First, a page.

‘Simultaneously resist hard Brexit and egotistic destructive nationalism, whilst not accepting total surrender to the status quo and trying to engineer a new majority in favour of EU membership with the objective of re-entering a radically transformed, democratic Union? And at the same time implement a domestic programme of redistribution, social democracy and justice in one of the most neoliberal states in Europe? Impossible.’
The point Varoufakis is trying to make however is that, to say democracy is deficient in Brussels is to utterly understate the crime. Rather, democracy has never been at the centre of the European construct, and as such has only been an obstacle to negotiate in the minds of the men in power who built it. As Brussels has acquired more power, this fact has only become more evident in the way Europe has dealt with challenges against it, and more present in the minds of its citizens. The problem exploded in the wake of the Sovereign Debt Crisis, to the point that it can no longer be ignored. Left unchecked, it is now killing Europe.
Kerneuropa will finally have rallied behind teutonic economic management, for the small price of formalising the political oversight of these principles. What some seem to be painting as the next ‘Grand Bargain’ will in fact be the final capitulation to Berlin and Frankfurt’s brand of neoliberalism, and the end of any hope for Southern Europe escaping the economic crisis with its dignity.
Originally posted on [the retrospect]:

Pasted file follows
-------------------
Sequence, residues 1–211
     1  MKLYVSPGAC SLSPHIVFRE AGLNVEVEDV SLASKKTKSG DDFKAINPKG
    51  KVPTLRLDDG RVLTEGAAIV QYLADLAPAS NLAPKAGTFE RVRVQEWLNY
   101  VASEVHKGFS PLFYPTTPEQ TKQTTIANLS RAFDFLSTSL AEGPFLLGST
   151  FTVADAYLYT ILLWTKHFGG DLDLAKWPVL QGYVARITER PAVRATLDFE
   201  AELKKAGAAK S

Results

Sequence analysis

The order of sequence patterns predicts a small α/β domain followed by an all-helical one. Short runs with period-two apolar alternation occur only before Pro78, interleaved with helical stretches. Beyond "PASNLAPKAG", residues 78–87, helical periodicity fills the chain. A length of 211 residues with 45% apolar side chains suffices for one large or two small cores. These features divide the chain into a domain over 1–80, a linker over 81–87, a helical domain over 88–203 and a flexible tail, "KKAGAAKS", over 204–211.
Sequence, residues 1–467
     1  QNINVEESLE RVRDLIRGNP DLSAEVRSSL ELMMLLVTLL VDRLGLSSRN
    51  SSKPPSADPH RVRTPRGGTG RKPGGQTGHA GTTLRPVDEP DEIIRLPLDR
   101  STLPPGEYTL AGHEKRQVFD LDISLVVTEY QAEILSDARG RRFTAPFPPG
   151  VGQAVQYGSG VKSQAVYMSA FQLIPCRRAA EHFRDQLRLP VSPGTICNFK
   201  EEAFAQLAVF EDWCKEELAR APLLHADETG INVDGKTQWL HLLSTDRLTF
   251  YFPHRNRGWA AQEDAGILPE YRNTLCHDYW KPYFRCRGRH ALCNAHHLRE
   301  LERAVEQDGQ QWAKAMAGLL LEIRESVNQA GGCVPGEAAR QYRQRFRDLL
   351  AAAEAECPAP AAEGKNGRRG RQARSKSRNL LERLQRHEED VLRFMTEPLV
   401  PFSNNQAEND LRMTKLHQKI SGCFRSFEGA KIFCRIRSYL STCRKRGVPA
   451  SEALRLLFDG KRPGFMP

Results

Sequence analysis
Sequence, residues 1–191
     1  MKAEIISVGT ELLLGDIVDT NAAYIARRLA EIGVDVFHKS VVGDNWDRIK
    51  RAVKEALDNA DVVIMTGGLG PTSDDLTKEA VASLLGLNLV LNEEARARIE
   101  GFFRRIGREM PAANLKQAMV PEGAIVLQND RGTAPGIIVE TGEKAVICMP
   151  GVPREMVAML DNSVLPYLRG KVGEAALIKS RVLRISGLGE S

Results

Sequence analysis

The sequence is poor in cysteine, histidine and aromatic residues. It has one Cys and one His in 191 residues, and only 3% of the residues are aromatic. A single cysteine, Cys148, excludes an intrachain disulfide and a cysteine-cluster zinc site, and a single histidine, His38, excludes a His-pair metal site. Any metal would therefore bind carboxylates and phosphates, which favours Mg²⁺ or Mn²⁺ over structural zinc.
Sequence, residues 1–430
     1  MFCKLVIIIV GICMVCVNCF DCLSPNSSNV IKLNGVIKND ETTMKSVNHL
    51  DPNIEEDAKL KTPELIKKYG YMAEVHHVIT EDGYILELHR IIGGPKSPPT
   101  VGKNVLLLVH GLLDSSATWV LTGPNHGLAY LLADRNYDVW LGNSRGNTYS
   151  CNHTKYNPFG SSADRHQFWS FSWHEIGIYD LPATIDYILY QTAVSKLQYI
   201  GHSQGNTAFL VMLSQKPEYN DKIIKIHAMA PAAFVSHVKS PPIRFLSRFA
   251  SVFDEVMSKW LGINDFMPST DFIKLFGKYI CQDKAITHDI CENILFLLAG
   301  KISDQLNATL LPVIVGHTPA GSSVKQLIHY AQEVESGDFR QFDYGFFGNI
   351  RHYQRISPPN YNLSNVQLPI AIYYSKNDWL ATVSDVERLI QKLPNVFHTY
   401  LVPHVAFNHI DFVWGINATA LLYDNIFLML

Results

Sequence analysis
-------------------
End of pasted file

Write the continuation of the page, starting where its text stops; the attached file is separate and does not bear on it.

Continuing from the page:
In the painting above, what strikes one the most is the shadows. The imposing white building punctuated by the arches begs a thousand questions. Its stretch follows the street to its end. Terminating in what appears to be a seafront, a flag flutters as the sun either rises or descends.…
Like Tadeusz Rejtan, who desperately tried to halt the partition and disintegration of his country 1773, we must block the door of the room that is the European idea even as others begin to make their discreet or not so discreet exit. If we do not, then Europe’s slide will be unstoppable, and our great civilisation will pass to history.
President of the European Council, Donald Tusk, on Tuesday made a call for unity among the European states, in the context of the rapidly deteriorating political climate they have found themselves in. In a letter to the 27 Heads of State & Government, Tusk said Europe was facing challenges “more dangerous than ever before in the time since the signature of the Treaty of Rome”.
Yanis Varoufakis made his way to Britain recently as part of his tours of the continent, aiming to mobilise support for DiEM25 and its Progressive Agenda for Europe. During his visit over the weekend, Yanis and some other leading DiEMers hosted dicsussions in London. A lesser known event also took place earlier that Friday, as Yanis Varoufakis came to King’s College London and spoke to a room of over 200 students and staff to discuss Europe’s Crisis.